It is a grand hope – which seems to be predicated upon a redeemed human nature that is predominately directed to good rather than to evil. Which is surprising in a theologian who otherwise had such a dark view of human nature – even regenerated human nature – which he believed to remain under the power of original sin even after baptism.
The “primacy of love” principle sounds great in theory – but how would it work in practice? Because practically speaking, have we not seen just how such a model of “unity in love” without a co-existing “primacy of jurisdiction” would work? We see it not only in jurisdictional confusion that exists among the Orthodox (principally in North America) but also in the Anglican Communion, in which all bishops are completely independent and able to act as they wish and teach what they wish without any checks or balances. The history of the Anglican Communion in the 20th Century – as it struggled to find a way in which a church that was never intended to be a world-wide communion could maintain the ties of fellowship without a central and empowered primacy. And then even more painfully under the leadership of the current Archbishop of Canterbuy, we have seen that no amount of loving encouragement could hold together the centrifugal forces that have developed within that communion.
One of the features of the exercise of the papal primacy most regularly criticised by the Orthodox is the practice whereby the Pope appoints all bishops everywhere in the Latin Church (nb. the Pope does not appoint bishops in the Eastern Rite Churches). But is not this power of appointment – and the corollary power of dismissal of bishops when they act in such a way as to threaten the unity of the Church’s faith and communion – in some way realistically necessary for the maintenance of Universal communion?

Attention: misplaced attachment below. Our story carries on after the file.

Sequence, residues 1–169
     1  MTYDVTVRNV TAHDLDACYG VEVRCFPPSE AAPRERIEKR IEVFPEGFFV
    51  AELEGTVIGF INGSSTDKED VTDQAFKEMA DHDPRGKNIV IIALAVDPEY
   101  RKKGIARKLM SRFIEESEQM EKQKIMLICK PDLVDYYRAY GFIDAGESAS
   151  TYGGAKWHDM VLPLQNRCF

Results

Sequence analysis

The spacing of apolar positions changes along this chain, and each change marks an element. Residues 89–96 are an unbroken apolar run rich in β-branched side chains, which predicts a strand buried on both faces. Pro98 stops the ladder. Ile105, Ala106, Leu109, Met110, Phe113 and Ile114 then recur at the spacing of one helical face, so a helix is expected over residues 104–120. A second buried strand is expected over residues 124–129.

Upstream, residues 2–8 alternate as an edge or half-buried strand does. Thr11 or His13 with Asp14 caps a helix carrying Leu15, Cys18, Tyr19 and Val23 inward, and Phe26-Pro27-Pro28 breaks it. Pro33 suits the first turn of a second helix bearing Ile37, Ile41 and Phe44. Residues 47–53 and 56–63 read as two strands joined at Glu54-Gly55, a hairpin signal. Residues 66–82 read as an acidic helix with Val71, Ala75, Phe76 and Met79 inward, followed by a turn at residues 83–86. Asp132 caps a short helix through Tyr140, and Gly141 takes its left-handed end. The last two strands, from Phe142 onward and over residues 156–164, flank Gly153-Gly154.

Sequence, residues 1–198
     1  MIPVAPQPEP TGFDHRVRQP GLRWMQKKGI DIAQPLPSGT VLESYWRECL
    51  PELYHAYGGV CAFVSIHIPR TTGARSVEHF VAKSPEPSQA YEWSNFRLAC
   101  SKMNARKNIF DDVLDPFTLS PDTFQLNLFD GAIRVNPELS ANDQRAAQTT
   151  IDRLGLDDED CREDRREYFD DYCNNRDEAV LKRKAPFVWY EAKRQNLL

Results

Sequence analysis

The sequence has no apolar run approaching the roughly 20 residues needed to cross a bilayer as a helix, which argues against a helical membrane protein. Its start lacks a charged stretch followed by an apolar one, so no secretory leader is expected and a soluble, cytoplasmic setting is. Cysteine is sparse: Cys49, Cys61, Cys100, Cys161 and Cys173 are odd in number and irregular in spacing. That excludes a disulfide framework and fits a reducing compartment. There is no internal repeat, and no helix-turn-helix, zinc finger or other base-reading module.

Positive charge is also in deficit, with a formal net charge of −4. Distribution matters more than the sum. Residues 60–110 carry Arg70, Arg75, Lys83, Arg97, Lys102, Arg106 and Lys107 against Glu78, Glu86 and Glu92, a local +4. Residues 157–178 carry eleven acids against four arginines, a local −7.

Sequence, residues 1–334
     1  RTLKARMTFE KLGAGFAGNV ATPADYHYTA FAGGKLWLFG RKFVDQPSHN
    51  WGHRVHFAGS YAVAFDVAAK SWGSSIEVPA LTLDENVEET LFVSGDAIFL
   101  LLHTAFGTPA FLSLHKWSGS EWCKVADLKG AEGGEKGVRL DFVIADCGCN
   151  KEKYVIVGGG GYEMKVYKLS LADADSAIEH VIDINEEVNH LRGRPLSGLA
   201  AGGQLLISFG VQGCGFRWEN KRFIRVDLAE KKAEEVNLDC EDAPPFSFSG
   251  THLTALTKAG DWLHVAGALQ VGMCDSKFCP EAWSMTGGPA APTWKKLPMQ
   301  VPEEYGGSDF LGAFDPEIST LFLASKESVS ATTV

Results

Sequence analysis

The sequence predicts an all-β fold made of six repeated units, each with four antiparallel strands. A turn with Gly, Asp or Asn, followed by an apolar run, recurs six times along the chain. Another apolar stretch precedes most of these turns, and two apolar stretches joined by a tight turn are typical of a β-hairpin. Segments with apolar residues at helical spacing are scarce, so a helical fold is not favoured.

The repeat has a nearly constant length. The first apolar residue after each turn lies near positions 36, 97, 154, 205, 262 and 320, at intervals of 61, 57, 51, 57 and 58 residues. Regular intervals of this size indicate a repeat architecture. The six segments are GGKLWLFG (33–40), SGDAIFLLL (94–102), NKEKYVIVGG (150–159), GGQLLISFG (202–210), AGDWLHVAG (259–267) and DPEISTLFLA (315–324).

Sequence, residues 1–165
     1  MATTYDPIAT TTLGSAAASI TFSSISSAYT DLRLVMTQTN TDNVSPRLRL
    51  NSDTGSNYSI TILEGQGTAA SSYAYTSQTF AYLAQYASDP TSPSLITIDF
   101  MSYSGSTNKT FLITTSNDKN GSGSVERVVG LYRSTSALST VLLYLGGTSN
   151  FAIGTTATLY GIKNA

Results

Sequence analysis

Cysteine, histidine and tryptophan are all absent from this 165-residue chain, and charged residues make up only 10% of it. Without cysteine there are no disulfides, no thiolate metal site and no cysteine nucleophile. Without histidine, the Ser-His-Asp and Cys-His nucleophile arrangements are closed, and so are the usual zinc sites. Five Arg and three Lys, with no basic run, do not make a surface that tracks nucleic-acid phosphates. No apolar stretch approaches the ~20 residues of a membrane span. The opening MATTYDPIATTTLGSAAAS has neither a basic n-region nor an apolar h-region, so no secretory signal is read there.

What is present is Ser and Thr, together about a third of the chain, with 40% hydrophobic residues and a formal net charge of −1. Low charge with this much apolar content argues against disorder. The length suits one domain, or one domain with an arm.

What are the alternatives? It would be possible that the Bishop of Rome exercise his powers in other jurisdictions much the same way as he does in the Eastern Catholic Churches. But that would still require that someone – a patriarch or a metropolitan or a local synod of bishops – have the authority of appointing (at least by recognitio) bishops in their area of jurisdiction and, yes, also the authority to depose bishops when that necessity unhappily arises. To adopt a situation where every bishop in every diocese has complete independence to act and teach as he sees personally fit – would be a recipe for the dissolution of that unity which now so happily adheres in the Latin Church.
It does not seem to me that there is anyway in which we can do away with some kind of system of authority – whether exercised directly by the Pope or locally by other “higher authorities” – that provides checks and balances even over diocesan ordinaries. Primacy requires jurisdiction, even if that primacy is in some sense devolved into more local expressions.
I welcome any thoughts you may have on the matter. My only limit in this discussion will be that we will not discuss the matter of any particular case. Well, not any particular Australian case anyway. Got that? Good. Go for it.